# Optimal with IPOPTH, Infeasible with Gurobi

Hi, I’m working on a bilevel problem that is converted into an equivalent non-convex QCQP by applying strong duality to the lower-level problem (LP).

My code returns a (local) optimal solution with Ipopt solver (w/ ma86).
However, the same code returns infeasibility with Gurobi v9.0.2 (NonConvex=2).

This makes me wonder if the solution obtained with Ipopt is reliable.
Is there any possible reasoning for this? Any advice would be highly appreciated.

Thank you.

``````  [a076750e] CPLEX v0.6.5
[336ed68f] CSV v0.6.2
[aaaa29a8] Clustering v0.14.1
[a93c6f00] DataFrames v0.21.3
[31c24e10] Distributions v0.23.4
[2e9cd046] Gurobi v0.8.1
[f67ccb44] HDF5 v0.13.2
[7073ff75] IJulia v1.21.2
[b6b21f68] Ipopt v0.6.2
[4076af6c] JuMP v0.21.3
[e5e0dc1b] Juno v0.8.2
[67920dd8] KNITRO v0.9.2
 MAT v0.8.0
[6405355b] Mosek v1.1.3
[1ec41992] MosekTools v0.9.3
[8bb1440f] DelimitedFiles
``````

My experience has been that Ipopt is the most numerically stable non-linear solver. In this case, I would suspect there is a numerical issue in Guorbi. One useful diagnostic is to evaluate the feasibility of each constraint in the solution found by Ipopt.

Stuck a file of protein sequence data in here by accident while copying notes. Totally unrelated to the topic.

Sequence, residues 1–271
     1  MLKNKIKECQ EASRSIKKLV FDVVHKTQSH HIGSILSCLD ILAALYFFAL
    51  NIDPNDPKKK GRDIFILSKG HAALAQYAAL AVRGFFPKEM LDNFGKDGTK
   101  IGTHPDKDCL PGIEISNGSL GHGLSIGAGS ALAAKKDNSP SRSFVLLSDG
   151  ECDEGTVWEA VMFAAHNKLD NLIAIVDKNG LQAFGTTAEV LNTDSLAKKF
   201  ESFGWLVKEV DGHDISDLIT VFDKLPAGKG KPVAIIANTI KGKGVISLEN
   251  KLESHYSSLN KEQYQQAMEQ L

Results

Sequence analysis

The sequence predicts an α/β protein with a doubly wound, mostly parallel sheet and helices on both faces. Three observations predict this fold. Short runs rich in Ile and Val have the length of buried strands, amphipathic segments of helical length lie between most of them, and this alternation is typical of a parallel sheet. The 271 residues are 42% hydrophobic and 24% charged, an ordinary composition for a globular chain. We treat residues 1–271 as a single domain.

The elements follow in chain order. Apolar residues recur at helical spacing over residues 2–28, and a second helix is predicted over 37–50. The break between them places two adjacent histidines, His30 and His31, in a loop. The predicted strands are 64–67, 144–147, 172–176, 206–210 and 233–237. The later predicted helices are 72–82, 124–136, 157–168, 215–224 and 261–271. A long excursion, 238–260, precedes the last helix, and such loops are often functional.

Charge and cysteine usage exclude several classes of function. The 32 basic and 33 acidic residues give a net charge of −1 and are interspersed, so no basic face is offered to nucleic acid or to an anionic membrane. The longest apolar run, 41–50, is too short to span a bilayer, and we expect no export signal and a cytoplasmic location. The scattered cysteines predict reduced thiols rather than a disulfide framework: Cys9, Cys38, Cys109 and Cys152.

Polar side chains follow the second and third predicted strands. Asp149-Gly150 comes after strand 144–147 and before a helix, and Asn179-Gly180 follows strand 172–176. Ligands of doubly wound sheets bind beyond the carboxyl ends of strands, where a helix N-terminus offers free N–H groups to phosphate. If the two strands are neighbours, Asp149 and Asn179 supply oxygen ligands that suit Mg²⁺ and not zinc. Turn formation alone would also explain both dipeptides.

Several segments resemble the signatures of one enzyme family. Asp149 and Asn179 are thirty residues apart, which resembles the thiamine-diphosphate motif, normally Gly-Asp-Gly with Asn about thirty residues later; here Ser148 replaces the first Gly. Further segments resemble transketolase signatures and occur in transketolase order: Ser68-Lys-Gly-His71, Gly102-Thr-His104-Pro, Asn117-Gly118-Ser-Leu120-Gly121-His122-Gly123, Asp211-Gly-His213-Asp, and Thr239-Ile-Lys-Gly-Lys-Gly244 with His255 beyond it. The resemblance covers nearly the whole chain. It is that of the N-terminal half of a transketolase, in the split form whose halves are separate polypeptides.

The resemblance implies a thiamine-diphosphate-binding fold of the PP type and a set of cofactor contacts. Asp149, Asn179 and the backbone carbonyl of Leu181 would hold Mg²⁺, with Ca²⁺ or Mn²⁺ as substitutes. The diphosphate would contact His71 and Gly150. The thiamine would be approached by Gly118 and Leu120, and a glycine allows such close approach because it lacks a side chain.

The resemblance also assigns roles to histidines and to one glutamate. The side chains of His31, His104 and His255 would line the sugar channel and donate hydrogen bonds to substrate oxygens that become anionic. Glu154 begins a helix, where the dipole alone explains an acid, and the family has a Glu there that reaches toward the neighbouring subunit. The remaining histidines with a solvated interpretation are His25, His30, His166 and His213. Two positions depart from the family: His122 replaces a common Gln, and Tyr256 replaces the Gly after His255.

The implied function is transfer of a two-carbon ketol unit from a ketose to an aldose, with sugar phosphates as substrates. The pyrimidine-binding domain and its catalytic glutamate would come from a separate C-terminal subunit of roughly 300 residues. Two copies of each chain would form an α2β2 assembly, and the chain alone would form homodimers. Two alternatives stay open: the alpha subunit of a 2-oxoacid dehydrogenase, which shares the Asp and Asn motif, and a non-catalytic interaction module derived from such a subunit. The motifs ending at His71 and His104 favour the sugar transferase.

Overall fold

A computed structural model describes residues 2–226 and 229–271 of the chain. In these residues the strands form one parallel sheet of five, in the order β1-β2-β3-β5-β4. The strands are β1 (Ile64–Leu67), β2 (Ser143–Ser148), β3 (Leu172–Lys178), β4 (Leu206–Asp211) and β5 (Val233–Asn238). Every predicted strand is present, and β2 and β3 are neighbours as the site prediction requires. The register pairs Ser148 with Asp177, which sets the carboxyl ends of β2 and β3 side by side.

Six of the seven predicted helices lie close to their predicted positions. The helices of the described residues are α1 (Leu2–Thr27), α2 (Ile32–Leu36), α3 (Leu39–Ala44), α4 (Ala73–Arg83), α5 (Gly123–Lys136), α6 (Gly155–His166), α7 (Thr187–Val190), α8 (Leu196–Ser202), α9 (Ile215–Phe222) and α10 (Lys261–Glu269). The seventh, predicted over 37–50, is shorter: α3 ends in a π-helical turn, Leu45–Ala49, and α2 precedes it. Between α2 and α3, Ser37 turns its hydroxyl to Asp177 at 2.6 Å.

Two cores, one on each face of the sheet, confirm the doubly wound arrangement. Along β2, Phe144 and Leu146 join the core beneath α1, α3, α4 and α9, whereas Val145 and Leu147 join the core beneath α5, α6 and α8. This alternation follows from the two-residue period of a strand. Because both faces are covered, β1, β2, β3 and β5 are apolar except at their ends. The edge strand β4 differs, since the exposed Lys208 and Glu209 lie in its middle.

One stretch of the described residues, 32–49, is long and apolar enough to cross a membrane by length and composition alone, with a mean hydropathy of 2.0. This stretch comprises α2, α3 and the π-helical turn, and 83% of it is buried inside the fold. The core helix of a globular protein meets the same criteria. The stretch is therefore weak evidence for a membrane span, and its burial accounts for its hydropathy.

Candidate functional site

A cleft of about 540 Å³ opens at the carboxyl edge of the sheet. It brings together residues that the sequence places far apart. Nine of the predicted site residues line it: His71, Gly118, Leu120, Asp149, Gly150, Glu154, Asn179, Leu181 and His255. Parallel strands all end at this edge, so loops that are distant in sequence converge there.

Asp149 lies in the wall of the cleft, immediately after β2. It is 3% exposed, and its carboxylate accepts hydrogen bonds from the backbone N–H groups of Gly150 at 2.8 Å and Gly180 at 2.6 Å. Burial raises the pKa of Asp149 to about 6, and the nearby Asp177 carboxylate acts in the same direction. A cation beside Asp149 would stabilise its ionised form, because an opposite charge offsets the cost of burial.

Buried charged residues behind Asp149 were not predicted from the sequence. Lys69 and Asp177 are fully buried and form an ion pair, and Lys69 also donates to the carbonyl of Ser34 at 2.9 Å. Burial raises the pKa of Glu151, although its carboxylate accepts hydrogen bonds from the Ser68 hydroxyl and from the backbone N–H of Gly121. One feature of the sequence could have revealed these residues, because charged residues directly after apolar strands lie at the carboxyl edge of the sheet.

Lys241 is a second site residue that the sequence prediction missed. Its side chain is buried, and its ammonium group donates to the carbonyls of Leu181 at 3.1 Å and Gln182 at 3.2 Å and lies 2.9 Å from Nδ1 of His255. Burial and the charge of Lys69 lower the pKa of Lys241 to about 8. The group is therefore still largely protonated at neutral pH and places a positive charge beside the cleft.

3 Likes

@ccoffrin Thank you for your advice. Is there a smart way to check the feasibility?

The only way I know is to do something like: `value.(g) - value.(d) == 0` for constraint `@constraint(m, const1[t in 1:24], g[t] - d[t] == 0)`
I just have too many constraints to do this manually.

Also, it is odd to me that Gurobi returns infeasibility rather than taking a longer time, as this means Gurobi fails to find any feasible point if I understand it correctly.

Also, it is odd to me that Gurobi returns infeasibility rather than taking a longer time, as this means Gurobi fails to find any feasible point if I understand it correctly.

Is there a smart way to check the feasibility?

Not really. You can use something like the following:

``````model = Model()
@variable(model, x >= 0)
@variable(model, y >= 0)
c = @constraint(model, x * y <= 1)
o = constraint_object(c)
value(o.func)  # left-hand side
o.set.upper  # right-hand side, if <=. Use .lower if >=, and .value if ==
``````
1 Like

@odow Thank you so much for your comment!

1 Like